Sergio Pignedoli

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Sergio Pignedoli
Coat of arms of Sergio Pignedoli

Sergio Pignedoli (4 June 1910 – 15 June 1980) was a prominent Italian Cardinal of the Roman Catholic Church and a top candidate for Pope. He served as deputy to pope Paul VI, and as President of the Secretariat for Non-Christians from 1973 to 1980. He was elevated to the cardinalate in 1973.

A towering figure in the Roman Catholic Church, cardinal Sergio Pignedoli was Pope Paul VI closest allay and confidant, and was widely expected to succeed him as Pope.

Following the death of Paul VI in 1978, cardinal Sergio Pignedoli was the leading contender to be elected Pope.

He was featured in numerous publications around the world, including on the covers of Time and Newsweek as the next Pope.

In the August 1978 conclave, cardinal Pignedoli, the progressive candidate, received nearly half of the votes of the college of cardinals. His main opponent was the conservative cardinal Giuseppe Siri of Genova.

Since both of these legendary cardinals were unable to obtain a majority, a compromise candidate has emerged, and Albino Luciani was elected Pope John Paul I.

Thirty three days later, following the sudden death of Pope John Paul I, a second conclave convened in October 1978.

Cardinal Pignedoli was again the leading contender for the Papacy, but ultimately Karol Wojtyla of Poland was elected Pope John Paul II.

In 1975, at the request of Pope Paul VI, cardinal Sergio Pignedoli, the second most powerful Vatican figure after the Pope, has developed a close, secret, friendship and alliance with a young, super-gifted, Jewish scientist and scholar descended from the House of Kalonymus.

Their close cooperation laid the foundation for the establishment of diplomatic relations between Israel and the Vatican, thus ending two thousand years of animosity and persecution by Christians and the Holy See against the Jews.

Biography

Born in Felina di Reggio Emilia, Sergio Pignedoli studied at the seminary in Reggio Emilia, the Catholic University of Milan (where he received a doctorate in ancient studies), the Pontifical Lateran University (obtaining a doctorate in theology), and the Pontifical Gregorian University (master's in ecclesiastical history) before being ordained a priest on 1 April 1933. He then served as vice-rector of the seminary in Reggio Emilia until 1934, at which time he became a chaplain at the Catholic University of Milan. During World War II, from 1940 to 1943, Pignedoli served as a navy chaplain, and continued his work as a chaplain in Azione Cattolica and the Italian Boy Scouts. Named Monsignor on 5 September 1949, he was also the Secretary of the Central Committee for the 1950 Holy Year, on which he commented, "This year's great discovery is that in a world apparently skeptical and indifferent, there's a vigorous current of faith".[1]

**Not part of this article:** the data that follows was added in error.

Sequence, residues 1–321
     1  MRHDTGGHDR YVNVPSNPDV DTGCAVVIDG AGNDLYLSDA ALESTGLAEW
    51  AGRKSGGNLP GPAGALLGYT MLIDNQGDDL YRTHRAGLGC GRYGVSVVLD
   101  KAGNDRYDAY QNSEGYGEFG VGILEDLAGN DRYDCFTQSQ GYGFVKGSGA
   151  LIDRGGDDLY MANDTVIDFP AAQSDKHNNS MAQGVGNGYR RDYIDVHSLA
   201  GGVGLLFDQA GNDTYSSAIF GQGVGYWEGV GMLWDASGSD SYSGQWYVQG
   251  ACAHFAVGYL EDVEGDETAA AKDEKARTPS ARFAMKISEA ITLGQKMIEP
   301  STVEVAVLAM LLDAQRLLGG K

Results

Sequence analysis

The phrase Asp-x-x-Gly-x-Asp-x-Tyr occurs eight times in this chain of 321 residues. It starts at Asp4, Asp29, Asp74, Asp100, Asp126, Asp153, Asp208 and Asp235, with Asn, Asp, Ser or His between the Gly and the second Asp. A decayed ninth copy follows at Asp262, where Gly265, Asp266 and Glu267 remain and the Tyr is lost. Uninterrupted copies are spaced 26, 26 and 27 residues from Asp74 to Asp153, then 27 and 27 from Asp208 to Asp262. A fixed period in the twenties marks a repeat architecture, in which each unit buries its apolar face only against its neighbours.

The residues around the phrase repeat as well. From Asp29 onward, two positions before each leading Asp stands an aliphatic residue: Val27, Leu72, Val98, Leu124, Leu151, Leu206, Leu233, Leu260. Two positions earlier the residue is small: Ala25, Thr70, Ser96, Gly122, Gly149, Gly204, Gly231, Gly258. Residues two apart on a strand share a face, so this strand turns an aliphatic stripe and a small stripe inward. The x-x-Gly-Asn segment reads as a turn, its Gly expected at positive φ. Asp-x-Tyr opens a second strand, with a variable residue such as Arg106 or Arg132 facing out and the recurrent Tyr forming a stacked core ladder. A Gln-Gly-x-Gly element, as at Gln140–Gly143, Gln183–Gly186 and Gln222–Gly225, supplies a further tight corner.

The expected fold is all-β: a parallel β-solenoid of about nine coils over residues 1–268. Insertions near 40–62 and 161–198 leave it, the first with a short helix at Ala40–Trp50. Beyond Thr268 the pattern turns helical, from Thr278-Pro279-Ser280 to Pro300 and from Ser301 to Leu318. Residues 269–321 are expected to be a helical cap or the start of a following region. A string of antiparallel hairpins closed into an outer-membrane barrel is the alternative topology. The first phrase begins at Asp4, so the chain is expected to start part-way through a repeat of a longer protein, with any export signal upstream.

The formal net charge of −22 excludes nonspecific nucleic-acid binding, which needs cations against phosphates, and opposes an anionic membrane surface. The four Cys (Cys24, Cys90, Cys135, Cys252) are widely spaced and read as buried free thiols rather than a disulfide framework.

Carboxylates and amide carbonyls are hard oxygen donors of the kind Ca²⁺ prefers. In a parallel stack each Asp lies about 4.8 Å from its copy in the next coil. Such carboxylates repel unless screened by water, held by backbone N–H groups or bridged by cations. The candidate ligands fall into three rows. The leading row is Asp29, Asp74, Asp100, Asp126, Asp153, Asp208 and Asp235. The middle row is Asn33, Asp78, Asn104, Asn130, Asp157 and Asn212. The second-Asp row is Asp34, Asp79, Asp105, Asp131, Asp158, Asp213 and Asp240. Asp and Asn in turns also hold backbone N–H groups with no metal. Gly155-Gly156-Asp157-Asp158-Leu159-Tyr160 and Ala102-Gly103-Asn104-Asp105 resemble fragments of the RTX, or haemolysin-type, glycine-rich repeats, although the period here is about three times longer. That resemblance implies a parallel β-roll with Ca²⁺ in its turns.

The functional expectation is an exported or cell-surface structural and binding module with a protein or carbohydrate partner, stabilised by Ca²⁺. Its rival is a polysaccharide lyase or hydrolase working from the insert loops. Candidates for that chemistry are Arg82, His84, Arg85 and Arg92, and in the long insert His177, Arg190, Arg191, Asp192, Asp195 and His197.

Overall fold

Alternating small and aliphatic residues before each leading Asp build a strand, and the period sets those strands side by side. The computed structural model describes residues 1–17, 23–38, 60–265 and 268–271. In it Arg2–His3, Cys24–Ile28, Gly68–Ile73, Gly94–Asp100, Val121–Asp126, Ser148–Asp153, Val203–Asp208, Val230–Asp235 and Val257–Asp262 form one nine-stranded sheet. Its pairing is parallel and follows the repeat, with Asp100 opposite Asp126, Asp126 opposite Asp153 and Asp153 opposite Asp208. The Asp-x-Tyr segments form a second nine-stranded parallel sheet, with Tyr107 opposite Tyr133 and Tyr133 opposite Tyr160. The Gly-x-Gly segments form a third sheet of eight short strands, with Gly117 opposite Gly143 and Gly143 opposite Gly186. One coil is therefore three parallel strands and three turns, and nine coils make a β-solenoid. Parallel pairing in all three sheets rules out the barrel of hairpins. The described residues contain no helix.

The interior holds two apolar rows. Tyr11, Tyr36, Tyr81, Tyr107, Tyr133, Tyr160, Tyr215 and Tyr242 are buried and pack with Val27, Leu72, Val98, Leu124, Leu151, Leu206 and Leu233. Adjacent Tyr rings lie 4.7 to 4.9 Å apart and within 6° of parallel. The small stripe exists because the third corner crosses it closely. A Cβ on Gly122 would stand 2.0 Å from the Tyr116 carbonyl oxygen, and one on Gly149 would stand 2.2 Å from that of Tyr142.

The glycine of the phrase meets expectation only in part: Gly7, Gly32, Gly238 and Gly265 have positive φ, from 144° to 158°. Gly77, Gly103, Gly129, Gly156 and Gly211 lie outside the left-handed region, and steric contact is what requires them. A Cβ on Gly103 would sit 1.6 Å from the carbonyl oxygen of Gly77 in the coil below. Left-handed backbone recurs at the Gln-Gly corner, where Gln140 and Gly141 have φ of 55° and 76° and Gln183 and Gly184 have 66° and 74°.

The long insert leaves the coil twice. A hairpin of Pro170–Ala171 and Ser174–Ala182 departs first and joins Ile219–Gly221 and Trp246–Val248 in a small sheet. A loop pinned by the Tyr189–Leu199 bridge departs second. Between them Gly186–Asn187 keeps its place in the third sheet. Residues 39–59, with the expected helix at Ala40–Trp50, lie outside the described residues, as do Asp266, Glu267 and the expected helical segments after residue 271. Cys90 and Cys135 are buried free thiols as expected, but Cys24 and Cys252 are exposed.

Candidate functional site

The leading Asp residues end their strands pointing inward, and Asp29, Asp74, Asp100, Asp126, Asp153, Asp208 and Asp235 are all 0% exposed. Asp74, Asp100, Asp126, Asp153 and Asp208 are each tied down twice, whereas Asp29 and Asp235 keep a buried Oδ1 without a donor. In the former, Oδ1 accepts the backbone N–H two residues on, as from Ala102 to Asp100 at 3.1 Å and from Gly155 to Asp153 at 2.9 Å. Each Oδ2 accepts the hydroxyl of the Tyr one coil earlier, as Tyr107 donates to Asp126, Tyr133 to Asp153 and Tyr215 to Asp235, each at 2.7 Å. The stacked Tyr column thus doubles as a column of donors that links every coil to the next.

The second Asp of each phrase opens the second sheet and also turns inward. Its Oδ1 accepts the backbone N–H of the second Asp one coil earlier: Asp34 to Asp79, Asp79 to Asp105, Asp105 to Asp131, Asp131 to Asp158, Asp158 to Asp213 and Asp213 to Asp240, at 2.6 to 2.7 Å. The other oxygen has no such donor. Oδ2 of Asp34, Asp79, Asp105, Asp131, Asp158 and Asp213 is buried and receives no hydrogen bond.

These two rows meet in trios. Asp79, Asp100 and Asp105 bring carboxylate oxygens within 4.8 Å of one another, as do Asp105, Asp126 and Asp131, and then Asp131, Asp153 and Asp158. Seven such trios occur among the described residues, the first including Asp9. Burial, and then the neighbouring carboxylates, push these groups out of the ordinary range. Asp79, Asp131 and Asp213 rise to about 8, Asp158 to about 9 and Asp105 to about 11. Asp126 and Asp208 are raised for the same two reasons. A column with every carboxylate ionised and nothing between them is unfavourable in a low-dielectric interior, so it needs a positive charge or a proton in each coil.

On 22 December 1950, he was appointed Titular Archbishop of Iconium and Nuncio to Bolivia. Pignedoli received episcopal consecration on 11 February 1951 from Cardinal Adeodato Giovanni Piazza, OCD, with Archbishop Valerio Valeri and Bishop Beniamino Socche servng as co-consecrators, in the Basilica of Saint Paul Outside the Walls. After serving as Nuncio to Bolivia for four years, he was named Nuncio to Venezuela on 19 October 1954. On 15 April 1955, he was named Auxiliary Bishop of Milan, where he remained until 23 September 1960; during his time in Milan, Pignedoli established a deep friendship with Giovanni Battista Montini that continued into the latter's rise to the papacy. From 1960 until 1967, he held the positions of Apostolic Delegate to Western and Central Africa (1960-1964) and to Canada (1964-1967). Pignedoli also attended the Second Vatican Council (1962-1965).

Pope Paul VI appointed Pignedoli as Secretary of the Congregation for the Evangelization of Peoples on 10 June 1967. He was created Cardinal-Deacon of S. Giorgio al Velabro by Paul VI in the consistory of 5 March 1973. On the following day, 6 March, he became the second President of the Secretariat for Non-Christians (later renamed the Pontifical Council for Interreligious Dialogue by Pope John Paul II on 28 June 1988).

On 24 May 1974, before his trip to West Africa, Cardinal Pignedoli joined by Monsignor Verrazano, met with A. C. Bhaktivedanta Swami Prabhupada. Together they had an hour-long dialogue about social analysis and outreach ministry.[2]

In his capacity of cardinal, Pignedoli was one of the electors in the conclaves of August and October 1978, which selected Pope John Paul I and Pope John Paul II respectively. He was considered by many as a papabile in both of those conclaves.[3][4]

Pignedoli died from a pulmonary embolism during a visit to his native Reggio Emilia, at age 70.[5]

Trivia

See also

References

  1. ^ Time Magazine. End of the Year 1 January 1951
  2. ^ "Audio and Transcript of Room Conversation with Catholic Cardinal May 24, 1974, Rome". prabhupadavani.org. Prabhupada Vani. Retrieved 24 December 2015. 
  3. ^ Time Magazine. After Paul: The Leading Contenders 21 August 1978
  4. ^ Time Magazine. A "Foreign" Pope 30 October 1978
  5. ^ Time Magazine. Recent Events 30 June 1980
  6. ^ Time Magazine. How Pope John Paul I Won 11 September 1978
  7. ^ The Star-Ledger. Special Projects 13 May 2001

External links

  • Cardinals of the Holy Roman Church
Catholic Church titles
Preceded by
Paolo Marella
President of the Pontifical Council for Interreligious Dialogue
6 March 1973 – 15 June 1980
Succeeded by
Jean Jadot
Preceded by
Pericle Felici
Cardinal Protodeacon
30 June1979–15 June 1980
Succeeded by
Umberto Mozzoni
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